Due to a "mixup" at his prom, Judge Paul Pritchard was voted Prom Queen. It was the greatest day of his life.
A Night to Die For.
Spawning three sequels, it was inevitable that Eighties slasher movie Prom Night would eventually get the remake treatment. Unfortunately, it seems someone involved felt slasher movies suffered from a little too much "slash."
Facts of the Case
Prom Night tells the age-old tale of a teacher who becomes obsessed with one of his female students. She's not so keen on his ideas of extra "tutoring" so, one night, he visits her home and brutally slaughters her family while she hides in fear under the bed, perfectly positioned to see her mother's corpse hit the floor. Thankfully, although too late to save the family, the police show up to lock the teacher and part-time psycho away.
Three years later, and the girl is now living with her aunt and uncle. Though understandably suffering nightmares about the massacre, she witnessed, she's moving on with her life and preparing for her high school prom. The only fly in the ointment is that her whackjob teacher has escaped from the institution he was being held in and is on his way to the hotel where her prom is being held.
My love of the horror genre is truly a double-edged sword. A fair portion of my DVD collection is set aside for movies filled with psychos, the undead, and ghostly goings on, and yet, perhaps more so than any other genre, it continually lets me down. For every A Nightmare on Elm Street, there's a Boogeyman, for every Evil Dead a Ghost Ship. It can be enough to make even the most devout horror junkie lose faith, sometimes. Were it not for my blind optimism and a resounding faith in filmmakers' ability to disturb me, I'd have given up on horror movies a long time ago.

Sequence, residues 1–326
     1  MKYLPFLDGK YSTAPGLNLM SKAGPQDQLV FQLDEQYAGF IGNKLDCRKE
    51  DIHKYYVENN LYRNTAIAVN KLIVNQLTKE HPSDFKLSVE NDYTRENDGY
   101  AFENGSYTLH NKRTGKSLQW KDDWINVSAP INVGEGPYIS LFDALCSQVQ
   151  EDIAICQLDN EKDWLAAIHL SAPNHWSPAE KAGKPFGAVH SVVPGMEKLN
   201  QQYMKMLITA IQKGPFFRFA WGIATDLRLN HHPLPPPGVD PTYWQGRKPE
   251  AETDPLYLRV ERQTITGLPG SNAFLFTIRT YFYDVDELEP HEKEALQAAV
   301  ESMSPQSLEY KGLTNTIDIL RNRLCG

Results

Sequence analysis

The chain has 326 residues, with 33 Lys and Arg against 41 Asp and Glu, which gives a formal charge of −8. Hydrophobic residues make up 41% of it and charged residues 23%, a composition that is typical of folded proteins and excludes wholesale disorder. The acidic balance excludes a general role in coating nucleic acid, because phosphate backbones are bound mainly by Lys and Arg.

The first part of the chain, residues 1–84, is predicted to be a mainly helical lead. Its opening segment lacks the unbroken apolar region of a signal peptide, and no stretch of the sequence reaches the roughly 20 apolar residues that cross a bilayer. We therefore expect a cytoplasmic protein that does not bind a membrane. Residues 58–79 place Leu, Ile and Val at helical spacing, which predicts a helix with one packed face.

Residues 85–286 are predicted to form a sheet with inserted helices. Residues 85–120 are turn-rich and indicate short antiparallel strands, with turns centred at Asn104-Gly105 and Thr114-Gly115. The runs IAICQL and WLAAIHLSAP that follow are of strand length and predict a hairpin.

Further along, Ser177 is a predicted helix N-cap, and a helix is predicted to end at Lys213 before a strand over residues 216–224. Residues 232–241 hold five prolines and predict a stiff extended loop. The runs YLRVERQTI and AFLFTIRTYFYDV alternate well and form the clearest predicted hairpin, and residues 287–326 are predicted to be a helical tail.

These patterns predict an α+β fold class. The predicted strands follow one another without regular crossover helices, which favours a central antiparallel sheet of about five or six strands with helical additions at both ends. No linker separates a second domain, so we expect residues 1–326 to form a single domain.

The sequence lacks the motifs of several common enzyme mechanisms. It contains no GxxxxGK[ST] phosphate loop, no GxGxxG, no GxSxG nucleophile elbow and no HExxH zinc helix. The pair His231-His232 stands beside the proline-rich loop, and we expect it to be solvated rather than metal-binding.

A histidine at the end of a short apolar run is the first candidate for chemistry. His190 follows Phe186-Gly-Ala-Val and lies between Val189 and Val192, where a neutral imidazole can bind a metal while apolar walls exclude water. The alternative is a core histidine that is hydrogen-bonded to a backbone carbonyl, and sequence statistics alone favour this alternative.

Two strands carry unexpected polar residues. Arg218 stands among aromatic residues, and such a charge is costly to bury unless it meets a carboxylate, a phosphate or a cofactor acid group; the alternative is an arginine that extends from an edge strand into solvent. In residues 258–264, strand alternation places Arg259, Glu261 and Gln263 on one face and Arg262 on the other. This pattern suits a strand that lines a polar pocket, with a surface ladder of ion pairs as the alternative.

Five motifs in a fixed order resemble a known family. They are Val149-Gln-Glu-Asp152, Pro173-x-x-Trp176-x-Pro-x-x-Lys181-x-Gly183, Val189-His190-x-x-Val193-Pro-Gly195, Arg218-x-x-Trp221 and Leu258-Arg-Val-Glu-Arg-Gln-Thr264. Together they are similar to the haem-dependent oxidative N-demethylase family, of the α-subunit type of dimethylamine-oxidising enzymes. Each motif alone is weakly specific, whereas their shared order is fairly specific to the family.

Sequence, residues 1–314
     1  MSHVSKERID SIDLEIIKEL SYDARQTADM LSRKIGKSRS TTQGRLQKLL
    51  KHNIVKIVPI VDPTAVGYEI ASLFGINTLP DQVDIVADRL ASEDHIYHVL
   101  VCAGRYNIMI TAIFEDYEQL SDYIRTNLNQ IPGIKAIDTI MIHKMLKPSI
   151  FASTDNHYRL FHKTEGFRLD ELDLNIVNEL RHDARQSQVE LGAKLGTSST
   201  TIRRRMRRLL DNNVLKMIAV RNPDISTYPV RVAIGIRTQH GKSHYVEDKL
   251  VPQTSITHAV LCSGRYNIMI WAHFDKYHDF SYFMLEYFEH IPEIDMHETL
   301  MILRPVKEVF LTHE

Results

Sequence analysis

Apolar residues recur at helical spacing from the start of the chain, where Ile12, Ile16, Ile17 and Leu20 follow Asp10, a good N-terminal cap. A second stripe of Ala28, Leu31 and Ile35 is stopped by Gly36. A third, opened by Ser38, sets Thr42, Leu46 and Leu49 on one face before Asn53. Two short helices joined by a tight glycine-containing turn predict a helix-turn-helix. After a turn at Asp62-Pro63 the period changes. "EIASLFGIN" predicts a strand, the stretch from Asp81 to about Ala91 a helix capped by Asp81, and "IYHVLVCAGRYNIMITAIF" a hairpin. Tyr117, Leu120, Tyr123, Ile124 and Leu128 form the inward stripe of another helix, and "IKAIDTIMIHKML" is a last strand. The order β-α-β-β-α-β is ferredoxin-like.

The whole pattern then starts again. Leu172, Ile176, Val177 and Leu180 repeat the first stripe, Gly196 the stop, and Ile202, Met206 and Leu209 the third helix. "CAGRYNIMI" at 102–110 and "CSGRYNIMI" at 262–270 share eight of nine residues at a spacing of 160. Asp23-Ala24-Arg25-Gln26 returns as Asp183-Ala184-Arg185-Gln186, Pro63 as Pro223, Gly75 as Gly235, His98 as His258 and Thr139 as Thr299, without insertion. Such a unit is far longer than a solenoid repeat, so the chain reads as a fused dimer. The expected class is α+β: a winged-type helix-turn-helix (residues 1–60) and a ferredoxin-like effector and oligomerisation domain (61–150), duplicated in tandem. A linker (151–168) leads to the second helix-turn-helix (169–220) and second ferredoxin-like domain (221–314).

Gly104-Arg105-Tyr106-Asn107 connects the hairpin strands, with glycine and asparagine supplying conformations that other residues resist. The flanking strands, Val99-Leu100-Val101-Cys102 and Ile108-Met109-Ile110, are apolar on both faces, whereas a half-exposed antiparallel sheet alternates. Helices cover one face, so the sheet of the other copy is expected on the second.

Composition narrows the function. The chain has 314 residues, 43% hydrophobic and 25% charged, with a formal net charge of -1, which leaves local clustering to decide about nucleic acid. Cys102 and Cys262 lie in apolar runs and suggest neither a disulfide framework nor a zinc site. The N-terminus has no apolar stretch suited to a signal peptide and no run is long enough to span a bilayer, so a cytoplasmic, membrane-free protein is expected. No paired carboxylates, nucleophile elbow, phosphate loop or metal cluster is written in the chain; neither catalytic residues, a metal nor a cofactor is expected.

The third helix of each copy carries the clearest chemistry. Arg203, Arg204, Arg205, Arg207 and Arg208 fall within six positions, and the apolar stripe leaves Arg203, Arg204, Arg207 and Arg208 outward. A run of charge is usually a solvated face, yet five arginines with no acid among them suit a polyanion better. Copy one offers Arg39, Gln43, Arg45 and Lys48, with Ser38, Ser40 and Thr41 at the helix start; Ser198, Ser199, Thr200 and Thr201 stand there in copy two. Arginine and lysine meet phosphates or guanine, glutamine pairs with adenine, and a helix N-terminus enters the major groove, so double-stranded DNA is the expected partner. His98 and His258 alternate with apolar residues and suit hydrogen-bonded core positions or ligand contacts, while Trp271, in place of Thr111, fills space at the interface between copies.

Although it starred one of Hollywood's more celebrated "scream queens," Jamie Lee Curtis (Halloween), I have still yet to see the original Prom Night, but my understanding is this remake is related in name and basic plot only. Regardless of its remake status, this limp release truly comes close to being the nadir of the horror genre. More so than any other horror movie I've come across in recent memory, Prom Night is a film desperately searching for a purpose. As a horror, it's far too toothless to pass muster. Ignore the "Unrated Version" nonsense that adorns the Blu-Ray packaging; this is strictly a PG-13 affair, with any brutality taking place off-screen. While copious amounts of gore are not a prerequisite of a successful horror movie, it is a fairly important factor when it comes to slasher movies, the genre Prom Night masquerades as. Had I not known better, I'd have assumed Disney or Nickelodeon were behind this release; it could easily be marketed as a "my first horror movie." Indeed, everything about this production, from the wafer-thin characters to the uninspired plotting, reeks of a film lacking a soul. I can only assume Hollywood studios have a quota of films to release each year, and Prom Night was a cheap and quick option to keep the numbers up.